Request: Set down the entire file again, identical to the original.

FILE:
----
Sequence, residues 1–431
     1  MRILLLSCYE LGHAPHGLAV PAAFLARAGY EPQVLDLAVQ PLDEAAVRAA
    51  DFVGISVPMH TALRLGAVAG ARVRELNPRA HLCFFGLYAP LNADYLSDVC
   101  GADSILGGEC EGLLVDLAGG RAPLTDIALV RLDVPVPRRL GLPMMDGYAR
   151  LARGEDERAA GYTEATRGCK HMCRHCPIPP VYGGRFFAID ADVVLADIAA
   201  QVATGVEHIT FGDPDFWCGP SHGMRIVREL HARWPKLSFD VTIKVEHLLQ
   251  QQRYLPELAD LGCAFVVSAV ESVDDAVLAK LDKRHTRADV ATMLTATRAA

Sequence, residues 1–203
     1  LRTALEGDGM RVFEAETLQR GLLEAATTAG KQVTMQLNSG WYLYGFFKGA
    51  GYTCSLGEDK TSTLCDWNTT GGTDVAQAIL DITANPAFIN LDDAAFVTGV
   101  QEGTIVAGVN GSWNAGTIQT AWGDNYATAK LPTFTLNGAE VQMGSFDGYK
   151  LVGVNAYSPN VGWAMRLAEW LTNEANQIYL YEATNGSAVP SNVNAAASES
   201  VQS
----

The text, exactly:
Sequence, residues 1–431
     1  MRILLLSCYE LGHAPHGLAV PAAFLARAGY EPQVLDLAVQ PLDEAAVRAA
    51  DFVGISVPMH TALRLGAVAG ARVRELNPRA HLCFFGLYAP LNADYLSDVC
   101  GADSILGGEC EGLLVDLAGG RAPLTDIALV RLDVPVPRRL GLPMMDGYAR
   151  LARGEDERAA GYTEATRGCK HMCRHCPIPP VYGGRFFAID ADVVLADIAA
   201  QVATGVEHIT FGDPDFWCGP SHGMRIVREL HARWPKLSFD VTIKVEHLLQ
   251  QQRYLPELAD LGCAFVVSAV ESVDDAVLAK LDKRHTRADV ATMLTATRAA

Sequence, residues 1–203
     1  LRTALEGDGM RVFEAETLQR GLLEAATTAG KQVTMQLNSG WYLYGFFKGA
    51  GYTCSLGEDK TSTLCDWNTT GGTDVAQAIL DITANPAFIN LDDAAFVTGV
   101  QEGTIVAGVN GSWNAGTIQT AWGDNYATAK LPTFTLNGAE VQMGSFDGYK
   151  LVGVNAYSPN VGWAMRLAEW LTNEANQIYL YEATNGSAVP SNVNAAASES
   201  VQS